For the full intervew, http://www.sailingworld.com/sw_article.php?articleID=1084

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NEW YORK YC RACE WEEK
Contestants in the New York YC Race Week have enjoyed two perfect days of sailing in the waters of Rhode Island Sound. While some results are as expected, there have been some surprises. In the IMS 40 class, the two top boats going into racing Sunday took each other out in a port/starboard incident in the first race of the day. Steve Loeb’s Tripp 43 Sirena and Blair Brown’s Sforzando collided while approaching a weather mark, resulting in a few minor injuries and some major boat damage.
With both boats unable to finish that race or start the next, Bob Bayer’s ILC 40 More War Stories goes into Monday’s racing with a three-point lead over Scott Weisman’s Pterodactyl.
In PHRF Class 2, Brian Cunha’s Tripp 47 Irie is winning a first-place tiebreaker with Tim Woodhouse’s Thompson 35 Rumours. Bringing up the rear in this three boat class is Stars and Stripes. Even with Dennis Conner joining the R/P 50 for Sunday’s two races, Stars and Stripes was unable to correct out against Irie and Rumours.
In the IMS racing class, Carrera, a Carroll Marine 60 owned by Joseph Dockery of Stamford, Conn., broke a tie with Idler, George David’s N/M IMS 50. With two bullets Sunday, Carrera takes a three and a half point lead. An over early call in Sunday’s second race meant that Idler‘s crew had to claw their way through the class during the six-leg race.
For Tony Bessinger’s complete report: http://www.sailingworld.com/sw_article.php?articleID=1086
For results: http://www.nyyc.org

SWEDISH MATCH TOUR
OneWorld Challenge’s James Spithill defeated Denmark’s Jesper Radich 3-1, to win the Swedish Match Tour’s Trofeo Challenge Roberto Trombini Match Race, the first event of Swedish Match Tour 2002/3.
“We were feeling confident all week. We sailed a clean regatta with no penalties so we’re really happy to have wrapped it up with a win,” said Spithill.
This was Spithill’s first appearance on the Swedish Match Tour since last year’s Trombini Match Race when he and his same crew of Joe Newton, Ben Durham and Andy Feathers finished fourth.
In the championship final, Spithill won the first two matches before Radich took the third. In the fourth and what would be final match, Spithill induced the aggressive Danish skipper into a penalty. Radich then had the advantage coming out of the start, an advantage which he carried for the first three legs of the race. www.swedishmatchtour.com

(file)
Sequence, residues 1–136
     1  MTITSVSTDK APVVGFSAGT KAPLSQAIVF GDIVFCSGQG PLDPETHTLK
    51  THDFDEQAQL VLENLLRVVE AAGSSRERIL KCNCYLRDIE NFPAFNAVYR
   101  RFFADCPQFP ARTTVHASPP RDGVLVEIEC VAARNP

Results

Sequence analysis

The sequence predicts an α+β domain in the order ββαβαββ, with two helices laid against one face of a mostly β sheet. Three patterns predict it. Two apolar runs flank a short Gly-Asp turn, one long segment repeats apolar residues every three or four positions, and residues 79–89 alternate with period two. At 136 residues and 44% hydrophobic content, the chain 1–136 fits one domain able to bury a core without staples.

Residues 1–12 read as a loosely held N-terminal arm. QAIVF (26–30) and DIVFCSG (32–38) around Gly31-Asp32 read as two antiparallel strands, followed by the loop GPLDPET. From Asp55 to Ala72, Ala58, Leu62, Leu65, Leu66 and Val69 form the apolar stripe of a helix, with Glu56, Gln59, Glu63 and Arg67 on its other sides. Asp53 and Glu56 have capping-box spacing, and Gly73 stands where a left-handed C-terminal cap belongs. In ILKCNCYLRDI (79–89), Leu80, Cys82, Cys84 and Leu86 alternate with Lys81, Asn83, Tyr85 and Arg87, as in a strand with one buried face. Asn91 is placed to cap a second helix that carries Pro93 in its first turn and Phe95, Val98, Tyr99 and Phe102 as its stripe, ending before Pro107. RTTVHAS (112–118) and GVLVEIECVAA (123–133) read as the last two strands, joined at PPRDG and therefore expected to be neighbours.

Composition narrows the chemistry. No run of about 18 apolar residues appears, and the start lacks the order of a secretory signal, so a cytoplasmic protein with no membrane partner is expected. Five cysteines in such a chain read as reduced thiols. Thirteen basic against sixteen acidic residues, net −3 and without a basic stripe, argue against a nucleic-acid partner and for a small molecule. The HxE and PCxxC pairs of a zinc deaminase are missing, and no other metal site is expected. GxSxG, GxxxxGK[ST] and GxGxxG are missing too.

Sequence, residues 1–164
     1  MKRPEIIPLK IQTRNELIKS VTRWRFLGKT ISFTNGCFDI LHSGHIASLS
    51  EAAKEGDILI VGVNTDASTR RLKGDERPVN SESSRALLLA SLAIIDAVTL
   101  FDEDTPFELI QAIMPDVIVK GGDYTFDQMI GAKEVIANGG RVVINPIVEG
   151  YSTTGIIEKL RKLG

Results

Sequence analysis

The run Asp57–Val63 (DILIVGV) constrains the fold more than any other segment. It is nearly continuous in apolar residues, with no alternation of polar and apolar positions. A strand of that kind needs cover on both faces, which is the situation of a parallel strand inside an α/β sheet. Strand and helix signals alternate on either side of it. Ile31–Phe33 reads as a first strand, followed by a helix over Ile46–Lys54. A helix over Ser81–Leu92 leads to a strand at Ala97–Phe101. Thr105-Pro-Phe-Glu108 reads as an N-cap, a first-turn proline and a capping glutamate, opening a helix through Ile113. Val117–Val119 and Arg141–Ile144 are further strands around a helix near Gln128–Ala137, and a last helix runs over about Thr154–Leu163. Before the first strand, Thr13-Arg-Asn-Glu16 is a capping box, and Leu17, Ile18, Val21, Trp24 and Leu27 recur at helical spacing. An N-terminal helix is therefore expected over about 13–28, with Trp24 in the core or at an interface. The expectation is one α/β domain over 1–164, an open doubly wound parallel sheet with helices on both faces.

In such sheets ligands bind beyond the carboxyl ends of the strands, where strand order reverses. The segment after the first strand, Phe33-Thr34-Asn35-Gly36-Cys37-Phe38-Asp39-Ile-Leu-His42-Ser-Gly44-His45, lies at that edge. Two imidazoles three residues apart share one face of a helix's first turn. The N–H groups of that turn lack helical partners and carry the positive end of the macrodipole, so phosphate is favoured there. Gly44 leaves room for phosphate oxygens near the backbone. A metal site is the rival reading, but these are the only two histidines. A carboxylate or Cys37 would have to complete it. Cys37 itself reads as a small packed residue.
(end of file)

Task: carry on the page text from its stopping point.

NEWS BRIEFS
The Royal Ocean Racing Club has announced the 9 teams that have entered in the Rolex Commodores’ Cup, to be held Aug. 11 to 18 off Cowes, England. The host country, France, and Wales have each entered two teams. Belgium, Holland, and Ireland round out the fleet. www.rorc.org

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On July 13 nearly 300 boats with over 3,000 sailors left Port Huron, Mich., for the 78th Annual Bacardi Bayview Mackinac Race. http://www.byc.com/mack02/

Emma Richards, a 27-year-old from Great Britain, will be the youngest sailor in the 2002-03 Around Alone. She will also be the sole female in the race and the only entry flying the Union Jack. Richards, who recently participated in the Volvo Ocean Race as part of Lisa McDonald’s Amer Sports Too crew, will sail Josh Hall’s former Open 60 Gartmore, rebranded with the name and colors of her sponsor, Pindar. www.aroundalone.com, www.pindar.com

The grueling Tour de France a la Voile is nearly half over, but no one has been able to build a significant lead. Currently Etienne David’s Ville de Geneve-Carrefour Prevention is leading the month-long marathon of distance and inshore racing. However, the margin is slim and close behind him are Pierre Loic Berthet’s Nantes Saint Nazaire and veteran campaigner Jimmy Pahun in Region Ile de France. Today’s leg is a 160-mile offshore jaunt from La Rochelle to Bayonne. www.tourvoile.fr

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The women’s Hobie 16 team of Susan Korzeniewski and Stephanie O’Connor was the only American squad to come home from the 2002 ISAF World Sailing Games in Marseilles, France, with a medal. The duo won a bronze. Korzeniewski also won a silver medal at the first ISAF World Sailing Games in La Rochelle, France, in 1994. For complete results, www.sailing-games.com